Massimo Rumi

massimo rumi

Max was born in Reggio Calabria (Italy) in 1971.

After graduating in Economics he moved to London to further his career and work for a multinational company.

In 2007 he decided to take a sabbatical and travel around the world fulfilling his two great passions, travel and photography, while exploring his fascination of the world’s diverse cultures.

Today Massimo has visited 80 countries and lived in Australia for many years, before making London his home again.

I came across this amazing photographer on a train to London when I opened the Eyewitness section of The Guardian newspaper and saw his photographs of the Egungan masquerade group of Ouidah in Benin, West Africa.

Oba and Ayefodo 1

Photo : Oba and Ayefodo 1

I put the photo article in my handbag and have since contacted Max who kindly agreed to us featuring his  work on our blog.  Here are some of the most extraordinary costumes that I have every seen and do take a look at Max’ website to see more and other wonderous people and places.

Egungan MaskPhoto : Egungan Mask

Egungun masqueraders

The Spirit of Ancestors

Belief in ancestors is one of the core doctrines of African traditional religion. The Yoruba people of Benin republic believe in life after death, and the re-appearance of the ancestors in the physical corporal world happens through Egungun.

Egungun, which date back to the 14th century, is a ritual performance dedicated to ancestor worship that incorporate dance, singing, drumming, chanting, masking costumes and recitation.

Masquerades, are all men and represent the spirit of their ancestors. They are completely covered by elaborate costumes made of richly brocaded and highly symbolic tapestry-like fabrics. Brightly coloured textiles are added to these big garments from year to year and no part of the performer body is to be seen.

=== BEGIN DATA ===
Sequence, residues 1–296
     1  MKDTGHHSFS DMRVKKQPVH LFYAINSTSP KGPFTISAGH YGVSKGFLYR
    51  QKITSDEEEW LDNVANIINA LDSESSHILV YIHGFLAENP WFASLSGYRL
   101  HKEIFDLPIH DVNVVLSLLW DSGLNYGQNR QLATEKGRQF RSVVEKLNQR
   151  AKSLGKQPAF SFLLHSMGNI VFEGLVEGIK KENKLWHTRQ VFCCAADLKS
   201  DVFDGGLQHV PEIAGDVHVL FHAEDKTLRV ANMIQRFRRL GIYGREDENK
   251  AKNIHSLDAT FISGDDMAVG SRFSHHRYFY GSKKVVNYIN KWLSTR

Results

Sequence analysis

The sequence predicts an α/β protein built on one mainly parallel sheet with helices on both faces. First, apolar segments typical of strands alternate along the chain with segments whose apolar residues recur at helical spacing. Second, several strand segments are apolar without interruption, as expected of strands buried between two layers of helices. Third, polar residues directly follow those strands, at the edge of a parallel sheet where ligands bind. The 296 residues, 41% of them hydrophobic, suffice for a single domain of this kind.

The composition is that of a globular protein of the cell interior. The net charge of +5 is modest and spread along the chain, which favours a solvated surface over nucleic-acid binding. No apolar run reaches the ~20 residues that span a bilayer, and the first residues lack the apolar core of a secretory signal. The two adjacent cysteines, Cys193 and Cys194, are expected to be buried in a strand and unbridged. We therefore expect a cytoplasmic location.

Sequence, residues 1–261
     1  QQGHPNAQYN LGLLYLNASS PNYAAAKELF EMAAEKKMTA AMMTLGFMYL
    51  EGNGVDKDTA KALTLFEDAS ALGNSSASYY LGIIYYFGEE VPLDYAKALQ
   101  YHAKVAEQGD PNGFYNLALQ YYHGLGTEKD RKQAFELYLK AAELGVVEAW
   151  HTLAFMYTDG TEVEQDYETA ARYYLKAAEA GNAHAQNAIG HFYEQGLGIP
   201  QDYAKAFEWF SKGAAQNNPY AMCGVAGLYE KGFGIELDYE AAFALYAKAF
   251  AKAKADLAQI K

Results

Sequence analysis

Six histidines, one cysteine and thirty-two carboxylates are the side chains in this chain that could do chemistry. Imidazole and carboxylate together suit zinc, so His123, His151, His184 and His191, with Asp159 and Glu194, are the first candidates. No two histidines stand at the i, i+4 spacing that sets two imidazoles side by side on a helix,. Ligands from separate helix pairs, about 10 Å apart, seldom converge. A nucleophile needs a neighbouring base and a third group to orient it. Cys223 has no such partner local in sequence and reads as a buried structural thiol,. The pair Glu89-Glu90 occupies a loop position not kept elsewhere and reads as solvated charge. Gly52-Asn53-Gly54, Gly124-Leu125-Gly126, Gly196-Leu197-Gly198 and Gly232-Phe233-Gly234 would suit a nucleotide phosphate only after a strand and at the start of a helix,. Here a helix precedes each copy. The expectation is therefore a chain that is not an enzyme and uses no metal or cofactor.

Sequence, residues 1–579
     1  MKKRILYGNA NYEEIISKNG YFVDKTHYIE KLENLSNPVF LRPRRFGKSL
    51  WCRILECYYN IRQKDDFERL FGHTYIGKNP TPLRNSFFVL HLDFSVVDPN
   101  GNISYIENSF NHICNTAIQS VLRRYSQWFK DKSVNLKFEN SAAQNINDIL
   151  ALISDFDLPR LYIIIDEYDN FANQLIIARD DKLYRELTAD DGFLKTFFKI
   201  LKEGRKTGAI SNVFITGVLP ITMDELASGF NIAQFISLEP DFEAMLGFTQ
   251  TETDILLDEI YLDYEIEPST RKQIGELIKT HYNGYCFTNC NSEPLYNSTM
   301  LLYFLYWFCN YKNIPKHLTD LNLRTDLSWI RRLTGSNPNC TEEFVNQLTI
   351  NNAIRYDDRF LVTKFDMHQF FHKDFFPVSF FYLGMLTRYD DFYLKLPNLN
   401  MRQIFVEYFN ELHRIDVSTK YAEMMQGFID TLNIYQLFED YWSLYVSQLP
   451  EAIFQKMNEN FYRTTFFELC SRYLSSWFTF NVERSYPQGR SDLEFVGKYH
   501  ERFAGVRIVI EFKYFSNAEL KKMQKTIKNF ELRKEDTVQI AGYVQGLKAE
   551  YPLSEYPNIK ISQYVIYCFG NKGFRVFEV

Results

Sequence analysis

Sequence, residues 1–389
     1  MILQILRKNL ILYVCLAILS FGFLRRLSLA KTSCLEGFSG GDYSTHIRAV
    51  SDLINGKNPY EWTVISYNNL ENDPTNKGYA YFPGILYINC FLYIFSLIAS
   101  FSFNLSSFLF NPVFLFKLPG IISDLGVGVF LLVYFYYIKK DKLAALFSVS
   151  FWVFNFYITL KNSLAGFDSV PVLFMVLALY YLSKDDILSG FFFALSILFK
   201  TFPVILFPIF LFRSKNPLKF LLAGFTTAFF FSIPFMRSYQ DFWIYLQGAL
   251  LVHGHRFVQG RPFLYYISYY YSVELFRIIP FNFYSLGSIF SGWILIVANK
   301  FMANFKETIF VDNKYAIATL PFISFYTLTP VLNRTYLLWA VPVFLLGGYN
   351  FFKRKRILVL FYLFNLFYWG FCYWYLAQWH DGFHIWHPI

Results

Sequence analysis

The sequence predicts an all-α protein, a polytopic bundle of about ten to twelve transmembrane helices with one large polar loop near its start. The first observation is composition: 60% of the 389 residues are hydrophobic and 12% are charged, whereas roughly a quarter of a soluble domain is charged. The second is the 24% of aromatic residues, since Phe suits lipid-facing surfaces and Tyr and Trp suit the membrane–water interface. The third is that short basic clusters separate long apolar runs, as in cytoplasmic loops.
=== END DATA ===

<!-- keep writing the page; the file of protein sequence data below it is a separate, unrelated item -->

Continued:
KparamonlePhoto : Kparamonle


Brightly coloured textiles are added to these big garments from year to year and no part of the performer body is to be seen.The costumes with their numerous layers of vividly coloured cloth, embroidery, leather, animal skin, shells and beads, and their architectural headpieces and masks, completely obliterate the human form.

kparamonle 2

All images taken from with the kind permission of the artist.


During the performance the masquerades in these beautiful costumes reach their full potential and enter a state of ecstasy where their anonymity is of the upmost importance in the Egungun. Once wearing the costume, the performer stops to be himself and become the ancestor.

Egungun are celebrated in festivals and family rituals and their society remains a highly secretive organisation with its own temples that are barred to all but members of the society.



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